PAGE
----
That’s not to say that you couldn’t get it over the course of time, but you’ll be looking at two years or longer. You really can’t just play around with the movement in your spare time and expect success.
I performed two workouts a day for at least 4 days a week. Each session was devoted to the handstand with a simple focus on the progressions set by Coach Atlas for the day.
Tip #3: Take advantage of “skill memory”
My warm-ups consisted of the standard handstand, held for time and practicing the prior progressions that I had already worked up to.
For example, a typical warm-up could consist of:
- Straddle sides to sides
- Coming up onto five fingers
- Coming up onto four fingers, and so on.
This part of the training is extremely important and should not be neglected.
Warming up and starting with the previous levels gets those levels of skill “in your bones.”
You’re strengthening your body and your “skill memory” every time you practice, and it’s worth every second and ounce of effort you put into it.
The OAHS is a humbling skill and I have had incredible ups and downs in this whole process.
When I started, I was so excited to get moving on towards the OAHS, but after a couple of months of hour upon hour of handstands, it became mentally as well as physically fatiguing. I was still excited, but there were also days where I felt overwhelmed and questioning why the hell I was subjecting myself to this! But I’m glad I persevered and didn’t miss a planned training day.
This perseverance, along with the solid base of the years behind me, helped me to achieve this first step in the OAHS. I just kept on showing up and did the best I could on that day, and did it the next day again and again.
There were days when I started my warm-ups and thought, There is no way I can get “whatever” progression today. I would start in with my handstands and it wasn’t until after maybe the 20th set that things would start to groove. I’d be tired and frustrated but I found that no matter what, if I continued going back, I’d eventually make a small breakthrough, and those breakthroughs added up. I learned something every day.
Also, a great unexpected benefit from all this training is my improved patience.
The entry into the OAHS is a very gradual process and if you rush things, your balance will be off and you’ll fall out of line. It can be very temping to want to pull your hand up off the floor and throw it out to the side as soon as possible! But it doesn’t work like that.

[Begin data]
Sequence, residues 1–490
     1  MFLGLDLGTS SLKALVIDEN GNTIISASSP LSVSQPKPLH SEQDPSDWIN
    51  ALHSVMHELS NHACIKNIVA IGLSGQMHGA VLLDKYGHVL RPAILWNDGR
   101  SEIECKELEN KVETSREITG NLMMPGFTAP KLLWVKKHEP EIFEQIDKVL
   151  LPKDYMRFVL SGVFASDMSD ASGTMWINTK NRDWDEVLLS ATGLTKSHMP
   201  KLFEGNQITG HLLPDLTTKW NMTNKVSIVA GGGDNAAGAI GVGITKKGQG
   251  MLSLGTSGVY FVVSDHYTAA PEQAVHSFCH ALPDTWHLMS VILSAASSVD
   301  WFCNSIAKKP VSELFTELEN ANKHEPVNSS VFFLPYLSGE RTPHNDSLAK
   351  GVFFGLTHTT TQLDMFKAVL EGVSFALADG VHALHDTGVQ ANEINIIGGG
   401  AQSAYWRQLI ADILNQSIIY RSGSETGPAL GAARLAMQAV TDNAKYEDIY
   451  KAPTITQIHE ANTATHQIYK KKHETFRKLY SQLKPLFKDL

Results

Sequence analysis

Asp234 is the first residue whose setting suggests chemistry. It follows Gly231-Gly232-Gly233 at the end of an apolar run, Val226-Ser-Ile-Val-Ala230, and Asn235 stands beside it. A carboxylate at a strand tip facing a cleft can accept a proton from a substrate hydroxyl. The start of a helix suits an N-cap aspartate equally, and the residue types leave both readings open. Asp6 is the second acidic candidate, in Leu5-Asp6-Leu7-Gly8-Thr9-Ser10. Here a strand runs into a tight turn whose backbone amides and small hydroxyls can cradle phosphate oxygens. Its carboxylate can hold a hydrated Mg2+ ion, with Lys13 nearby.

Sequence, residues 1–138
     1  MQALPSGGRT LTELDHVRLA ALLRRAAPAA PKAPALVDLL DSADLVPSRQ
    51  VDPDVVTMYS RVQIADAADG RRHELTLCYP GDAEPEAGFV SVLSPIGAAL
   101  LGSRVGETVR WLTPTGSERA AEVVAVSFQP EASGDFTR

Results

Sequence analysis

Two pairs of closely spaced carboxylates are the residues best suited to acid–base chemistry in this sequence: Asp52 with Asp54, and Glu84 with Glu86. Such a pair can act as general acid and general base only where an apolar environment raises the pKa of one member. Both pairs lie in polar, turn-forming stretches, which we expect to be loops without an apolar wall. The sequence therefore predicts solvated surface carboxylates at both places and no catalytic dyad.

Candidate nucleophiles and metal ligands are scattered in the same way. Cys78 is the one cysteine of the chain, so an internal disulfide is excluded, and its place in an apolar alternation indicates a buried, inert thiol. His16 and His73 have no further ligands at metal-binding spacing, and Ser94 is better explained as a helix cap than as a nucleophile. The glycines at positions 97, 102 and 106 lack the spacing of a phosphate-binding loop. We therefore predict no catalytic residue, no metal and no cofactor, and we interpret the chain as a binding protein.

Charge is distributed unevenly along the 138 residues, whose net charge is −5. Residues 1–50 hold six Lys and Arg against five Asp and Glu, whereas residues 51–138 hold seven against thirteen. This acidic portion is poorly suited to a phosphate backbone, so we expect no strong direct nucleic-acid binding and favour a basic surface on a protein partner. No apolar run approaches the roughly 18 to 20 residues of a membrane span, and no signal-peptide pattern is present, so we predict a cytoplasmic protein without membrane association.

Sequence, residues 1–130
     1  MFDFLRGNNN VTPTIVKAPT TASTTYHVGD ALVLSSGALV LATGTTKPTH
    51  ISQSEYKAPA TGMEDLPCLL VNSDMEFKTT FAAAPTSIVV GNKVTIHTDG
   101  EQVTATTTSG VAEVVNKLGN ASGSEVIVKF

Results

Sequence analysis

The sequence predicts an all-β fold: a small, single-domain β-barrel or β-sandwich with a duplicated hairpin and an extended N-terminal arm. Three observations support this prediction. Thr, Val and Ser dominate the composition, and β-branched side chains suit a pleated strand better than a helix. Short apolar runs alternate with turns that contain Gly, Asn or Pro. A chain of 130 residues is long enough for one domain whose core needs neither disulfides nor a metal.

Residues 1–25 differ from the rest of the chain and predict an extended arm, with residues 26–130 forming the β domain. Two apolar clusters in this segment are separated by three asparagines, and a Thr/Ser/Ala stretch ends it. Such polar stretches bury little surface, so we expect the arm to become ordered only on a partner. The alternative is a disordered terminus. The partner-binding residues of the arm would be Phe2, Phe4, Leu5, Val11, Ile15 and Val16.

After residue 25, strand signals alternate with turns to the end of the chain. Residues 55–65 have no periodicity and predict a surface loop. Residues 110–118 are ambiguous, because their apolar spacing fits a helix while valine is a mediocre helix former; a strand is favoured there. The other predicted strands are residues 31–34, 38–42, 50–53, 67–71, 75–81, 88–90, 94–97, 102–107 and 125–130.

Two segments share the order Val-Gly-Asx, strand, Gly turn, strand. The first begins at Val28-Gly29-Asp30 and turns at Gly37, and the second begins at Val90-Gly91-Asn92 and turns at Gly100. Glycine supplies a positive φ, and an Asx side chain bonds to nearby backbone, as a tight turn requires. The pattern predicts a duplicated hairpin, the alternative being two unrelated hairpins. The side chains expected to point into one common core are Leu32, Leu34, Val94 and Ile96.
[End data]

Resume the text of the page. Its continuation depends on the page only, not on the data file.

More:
Here’s an example of what I mean.
- I’ve spent so many hours kicking up into a straddle handstand with a sharp focus on scapular elevation.
- Then I pushed down even harder as I dropped one leg to the side to set up for lifting the hand.
- Next, I would re-check my breathing and made sure my legs were tight and toes pointed, as I went up on five fingers, then two, and finally 1 finger.
- Then as I was poised and ready to exhale and let my hand float, I’d screw it all up and fall just because I lost a bit of scapular elevation and I was too tired to push back into it. But I still had 15 sets left to go in the workout!
This is what developed my patience. And since I knew I had to get back up there and do it all again several more times, I sure as hell made sure not to rush it again!
Maybe the next attempt will be the one, but chances are it will be just another rep and I’ll have to buck up and try again.
It’s all about patience and perseverance.
Just The Beginning
I’m still in the early stages of one arm handstand training, and I’m happy for the few seconds of hold time that took months to achieve.
Although I’m excited that I now have the ability to do a cool trick on demand, the most fulfilling part about this practice was being able to focus on a single movement and utilize my training time to get out of my head and just focus on the present moment.
With the right foundation and proper coaching, and some patience and persistence, you can achieve so many things at any level and at any age. It just takes time.
I don’t recall there ever being a day that wasn’t tough. But I’ve enjoyed the entire journey and I still look forward to each OAHS session and improving the skill, cleaning up my lines, and making it as graceful as possible.
Thank you to Steve Atlas and the crew at GMB for standing behind me and believing in me. I’ve got a lot more to work on with the OAHS, and I can’t wait!
Where to Start
If you want to take on the one arm handstand, then you’d better hand a solid handstand on two hands.
We’ve got a lot of hand balance resources on this site, but if you want a very structured program with lots of video tutorials covering every aspect of getting started with getting upsdie down, the I highly recommend checking out this free beginning handstand course I made.
It’ll get you started in the most efficient way possible.
Then you’ll be ready to tackle the OAHS.
If you have any questions about the OAHS, handstands, or taking on big challenges, drop a comment below, and I’ll help you out.